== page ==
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Matt ‘Mango’ Bowen has finally returned to the paddock after major knee surgery – and there’s no-one happier than Cowboys team-mate Johnathan Thurston.


YOU are Johnathan Thurston. No, really. You are. It’s a hot and humid Saturday night in Townsville and you’re in the middle of Dairy Farmers Stadium poised on the balls of your feet in your flash white boots, the ball in two hands, the big crowd roaring, and you’re wondering what to do as a pair of Neanderthals rush you, and their mates urge them on yelling, “Thurston! Smash him! SMASH HIM!”

So, pop quiz, Hotshot: what do you do?

If it was last season, you might have punted for a corner, popped the pill to a willing forward (Ray Cashmere being a usual suspect) or turned on some of the footwork and party tricks that saw you twice-crowned Dally M Player of the Year. Bottom line: you would have had a go. But you would have pined for the ‘Mango’.

Pine no more. For Matty ‘Mango’ Bowen is back. Scientists have grown special cartilage in a petri dish and stuffed it back inside Bowen’s knee to grow and be strong. And so there he is now in your dream sequence of sorts, grinning, thinking, looking, running, jinking, flying, seemingly floating light-footed above the grass behind you, putting himself in position so you can hit him on the chest and he shred your opponents like a kelpie dodging oxen.

Now wake up, for it’s not that simple in the best rugby league competition in the world. Bowen has yet to train permanently with the Cowboys group as a whole, and his knee hasn’t yet been tested under the rigorous slog of an NRL season. It’s fantastic that he’s back; everyone in  rugby league has missed him . He played solidly if not spectactularly against the Broncos in Round 1, running six times for 48 metres but committing three errors. As fans we must temper expectations. And cohort Thurston knows it.

“The surgery he had was very major, probably the biggest knee surgery you can have,” Thurston says. “It was about growing cartilage and putting it back in. It was a 10-month process. He hasn’t played in a long time and it’ll take a fair while for him to get back to his best.”

Cowboys fans will hope he can hit the ground running. Last year they won just five games, lost 19 and finished equal last on the ladder, only percentages saving them the ignominy of the wooden spoon. Bowen played just six games. This is not a coincidence. Yet they’ll tell you they’re not a two-man team. And they’re right. Up until this season they’ve been  a three-man team : Thurston, Bowen… and whichever player at the time was charged with making sure good ball got to Thurston and Bowen.

There’s no question when these two are firing, the Cowboys are a premiership threat. And that’s it. When one or both is not their game plan looks something like: everyone try hard, look busy and let’s hope for the best. (Although they’ve taken great steps to change that – see breakout.)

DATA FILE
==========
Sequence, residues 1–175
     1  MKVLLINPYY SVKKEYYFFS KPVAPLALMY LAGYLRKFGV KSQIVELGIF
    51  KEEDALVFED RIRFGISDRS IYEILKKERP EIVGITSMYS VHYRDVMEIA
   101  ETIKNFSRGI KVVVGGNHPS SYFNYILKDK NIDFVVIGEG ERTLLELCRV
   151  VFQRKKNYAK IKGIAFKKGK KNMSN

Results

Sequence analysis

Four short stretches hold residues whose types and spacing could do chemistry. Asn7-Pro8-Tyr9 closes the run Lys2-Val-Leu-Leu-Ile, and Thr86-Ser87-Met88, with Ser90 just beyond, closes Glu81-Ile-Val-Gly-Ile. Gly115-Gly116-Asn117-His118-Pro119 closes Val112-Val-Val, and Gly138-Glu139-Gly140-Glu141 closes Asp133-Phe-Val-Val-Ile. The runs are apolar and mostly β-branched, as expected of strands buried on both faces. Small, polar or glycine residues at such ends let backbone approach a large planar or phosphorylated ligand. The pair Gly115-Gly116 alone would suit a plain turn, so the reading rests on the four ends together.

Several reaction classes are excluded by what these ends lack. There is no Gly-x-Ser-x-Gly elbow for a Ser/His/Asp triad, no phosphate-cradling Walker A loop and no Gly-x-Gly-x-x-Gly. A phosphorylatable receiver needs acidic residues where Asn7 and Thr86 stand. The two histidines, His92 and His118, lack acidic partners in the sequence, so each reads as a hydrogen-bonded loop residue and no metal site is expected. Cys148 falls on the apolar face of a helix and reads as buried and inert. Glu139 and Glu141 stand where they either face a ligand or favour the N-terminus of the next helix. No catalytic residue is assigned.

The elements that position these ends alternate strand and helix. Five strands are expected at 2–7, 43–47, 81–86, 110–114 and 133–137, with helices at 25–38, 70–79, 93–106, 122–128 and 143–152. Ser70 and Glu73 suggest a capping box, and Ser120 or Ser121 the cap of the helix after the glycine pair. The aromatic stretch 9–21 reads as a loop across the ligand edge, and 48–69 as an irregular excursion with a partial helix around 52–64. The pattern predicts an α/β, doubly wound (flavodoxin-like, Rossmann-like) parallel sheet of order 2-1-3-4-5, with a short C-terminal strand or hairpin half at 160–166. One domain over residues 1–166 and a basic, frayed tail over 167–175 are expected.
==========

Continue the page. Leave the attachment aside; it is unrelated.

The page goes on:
So how is this knee that means so much to the people of North Queensland? It’s hard to tell; getting much out of Bowen is a tough gig for a journalist. Despite his eight seasons in the NRL, the 26-year-old is still a boy from the Far North town of Hope Vale, 50 kilometres and three river crossings north of Cooktown. He’ll hunt snakes at home – but put a microphone under his mouth and it may as well be covered in Redbacks – particularly after an off-season fielding daily questions about said knee.

That said: “The knee’s good,” says Bowen. “Had a few runs in the trial games and it was fine. It’s a bit sore after the Broncos game but that was expected and I’ve pulled up alright. I’m building each week, every training session, and hopefully get back to some form in the next few weeks.”

He must be glad he’s no longer getting personal training from renowned hell-trainer, Billy Johnstone. “Yeah, he’s been tough, turning up every morning, sometimes 5:30, 6:30. But it’s been good; it’s what he’s renowned for.”

And ‘JT’? How’s the Mango’s season looking? “Mate, he’s been training hard since November,” Thurston offers. “They reckon he’s run about 2500 kilometres with Billy. Everyone up here knows how hard Billy trains blokes, but he’s getting really stuck into Matty. Hopefully Billy doesn’t kill him! He’s  running and stepping well but he’s got to grow confidence. He’ll need a few games under the belt before he’s back to his best.”

Bowen agrees. “It’s about building confidence. And not just in yourself, but in the other players. It’s always good to play alongside Johnno; we’ve been playing together for years. But there’s new guys like Willie Tonga, Antonio Kaufusi, who you’ve got to learn to play with.

“But mate it’s always good to play footy. And after that long out, I’m enjoying being back out there, and looking forward to playing week in week out.”

As are we all – J.Thurston most of all.

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